People protest in Srinagar in Kashmir Sept. 8 against the violence on Rohingya Muslims in Myanmar. They demanded intervention of international organizations to end the violence. (Photo by Umar Asif)
People in Jammu and Kashmir, India's only Muslim majority state, are protesting violent attacks on Muslim Rohingyas in Myanmar.
Protests intensified in recent days after video clips showing victims, in Myanmar's northern Rakhine State, went viral on social media.
It is estimated that more than 350,000 people have fled to Bangladesh since Aug. 25 in the wake of a new wave of attack that have been branded as ethnic cleansing.
Shouting pro-Islamic slogans and waving placards, hundreds of people, including women and children, began taking to streets in all ten districts of the state after Friday prayers on Sept. 8.
Scores of socio-religious organizations under the Joint Resistance Leadership have since then issued a call to demonstrate against the persecution of fellow "Muslim brothers in Rakhine State."
The protesters demanded intervention by international organizations to end what they called the "genocide of Muslims."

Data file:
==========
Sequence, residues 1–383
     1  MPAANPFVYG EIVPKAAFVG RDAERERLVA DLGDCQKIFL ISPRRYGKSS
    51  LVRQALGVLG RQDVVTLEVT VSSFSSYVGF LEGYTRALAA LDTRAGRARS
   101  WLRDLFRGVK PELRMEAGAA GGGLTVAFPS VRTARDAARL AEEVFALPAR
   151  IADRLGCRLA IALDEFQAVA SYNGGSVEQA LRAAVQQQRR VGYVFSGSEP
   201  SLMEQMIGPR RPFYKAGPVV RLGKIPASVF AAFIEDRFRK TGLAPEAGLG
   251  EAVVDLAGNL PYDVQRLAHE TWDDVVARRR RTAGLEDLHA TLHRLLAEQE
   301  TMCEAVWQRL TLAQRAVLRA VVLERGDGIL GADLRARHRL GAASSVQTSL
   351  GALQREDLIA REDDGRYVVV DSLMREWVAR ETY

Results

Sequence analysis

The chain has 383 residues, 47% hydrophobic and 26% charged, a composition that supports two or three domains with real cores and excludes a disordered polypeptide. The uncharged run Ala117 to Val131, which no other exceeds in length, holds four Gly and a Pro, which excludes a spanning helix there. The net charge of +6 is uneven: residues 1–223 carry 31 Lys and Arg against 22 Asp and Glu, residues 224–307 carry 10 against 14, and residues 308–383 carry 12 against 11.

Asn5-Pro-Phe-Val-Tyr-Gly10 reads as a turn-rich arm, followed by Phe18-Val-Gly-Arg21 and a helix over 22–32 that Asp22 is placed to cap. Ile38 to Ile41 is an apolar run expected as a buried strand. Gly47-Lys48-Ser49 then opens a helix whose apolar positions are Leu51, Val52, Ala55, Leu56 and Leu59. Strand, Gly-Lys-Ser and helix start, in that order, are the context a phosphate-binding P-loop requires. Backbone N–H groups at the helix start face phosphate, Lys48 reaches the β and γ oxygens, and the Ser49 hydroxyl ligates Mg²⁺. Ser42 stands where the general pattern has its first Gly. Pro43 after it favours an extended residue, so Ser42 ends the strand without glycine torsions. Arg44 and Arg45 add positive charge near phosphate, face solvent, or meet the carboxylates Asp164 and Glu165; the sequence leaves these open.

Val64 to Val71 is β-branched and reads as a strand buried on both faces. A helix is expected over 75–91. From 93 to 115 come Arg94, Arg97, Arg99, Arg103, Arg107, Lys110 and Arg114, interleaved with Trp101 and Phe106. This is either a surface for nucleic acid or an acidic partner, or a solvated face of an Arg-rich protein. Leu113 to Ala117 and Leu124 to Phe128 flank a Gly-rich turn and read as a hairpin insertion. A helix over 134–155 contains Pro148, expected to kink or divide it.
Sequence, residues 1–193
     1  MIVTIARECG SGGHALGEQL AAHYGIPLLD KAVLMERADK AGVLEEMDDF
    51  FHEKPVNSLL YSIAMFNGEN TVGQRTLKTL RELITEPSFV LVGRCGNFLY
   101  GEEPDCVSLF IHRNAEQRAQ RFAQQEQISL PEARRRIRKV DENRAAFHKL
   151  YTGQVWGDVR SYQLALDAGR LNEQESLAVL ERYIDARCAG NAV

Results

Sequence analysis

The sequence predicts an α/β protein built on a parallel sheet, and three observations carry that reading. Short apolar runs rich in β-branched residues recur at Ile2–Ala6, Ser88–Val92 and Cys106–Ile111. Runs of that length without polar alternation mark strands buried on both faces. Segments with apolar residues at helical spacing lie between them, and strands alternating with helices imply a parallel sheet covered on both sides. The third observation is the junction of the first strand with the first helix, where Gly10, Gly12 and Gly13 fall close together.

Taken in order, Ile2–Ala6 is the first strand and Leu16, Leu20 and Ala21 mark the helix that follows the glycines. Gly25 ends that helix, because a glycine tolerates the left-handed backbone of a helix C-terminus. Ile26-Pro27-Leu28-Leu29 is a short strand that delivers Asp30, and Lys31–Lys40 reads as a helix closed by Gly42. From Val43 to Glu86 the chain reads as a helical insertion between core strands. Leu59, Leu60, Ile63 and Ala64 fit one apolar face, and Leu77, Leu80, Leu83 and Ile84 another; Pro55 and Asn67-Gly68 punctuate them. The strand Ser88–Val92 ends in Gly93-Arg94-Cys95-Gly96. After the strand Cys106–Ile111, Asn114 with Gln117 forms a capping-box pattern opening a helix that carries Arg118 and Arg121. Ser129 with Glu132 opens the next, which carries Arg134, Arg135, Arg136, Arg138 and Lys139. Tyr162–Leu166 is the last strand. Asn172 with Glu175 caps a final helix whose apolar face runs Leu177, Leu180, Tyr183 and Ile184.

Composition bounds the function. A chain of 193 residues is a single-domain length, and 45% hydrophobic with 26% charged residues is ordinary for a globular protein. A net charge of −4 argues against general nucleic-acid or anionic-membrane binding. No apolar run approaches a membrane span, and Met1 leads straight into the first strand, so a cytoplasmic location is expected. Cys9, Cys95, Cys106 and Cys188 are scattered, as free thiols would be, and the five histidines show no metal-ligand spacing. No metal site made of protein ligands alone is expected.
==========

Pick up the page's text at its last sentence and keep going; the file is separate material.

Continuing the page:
The administration imposed curfew in several restive areas of the state's summer capital, Srinagar, as groups clashed with police. At least least 20 people, including 12 police personnel, were injured in the clashes.
A senior police official told ucanews.com on the condition of anonymity, there are concerns that protests in Jammu and Kashmir could become more violent.
Some 5,000 Rohingya Muslims, who fled violence in Myanmar in 2012, are already living Kashmir.
Kashmir's chief Islamic cleric, Mirwaiz Umar Farooq, said he has sent a joint resolution to human rights organizations around the world, including the United Nations, seeking immediate international action to stop further massacres of Rohingya Muslims.
He said a lack of action so far is "criminal."
The Myanmar government refuses to accept Rohingya as natives and instead treats them as illegal migrants from Bangladesh.Kashmir has been witnessing intermittent violence for the past three decades. Some militant Muslim groups have taken up arms to fight for an end to Indian rule in order to join with neighboring Islamic Pakistan. At least 100,000 people, including militants, civilians and army personnel have been killed in the strife.
Syed Ali Geelani, a senior separatist leader, criticized Myanmar's de-facto leader Aung San Suu Kyi for comparing the Rohingya issue with the situation in Kashmir.
Suu Kyi reportedly said that, in both Rakhine and Kashmir, the difficulty is to differentiate between terrorists and innocent people.
Geelani said rather than making such an unjustified comparison, Suu Kyi should pay greater attention to basic humanitarian values.
Father Roy Mathew of Jammu-Srinagar Diocese, which covers the entire state, said people should not be selective in protesting against violence.
"It has to be condemned whenever and wherever it happens," said Father Mathew, who is a priest at the Holy Family Catholic Church in Srinagar.
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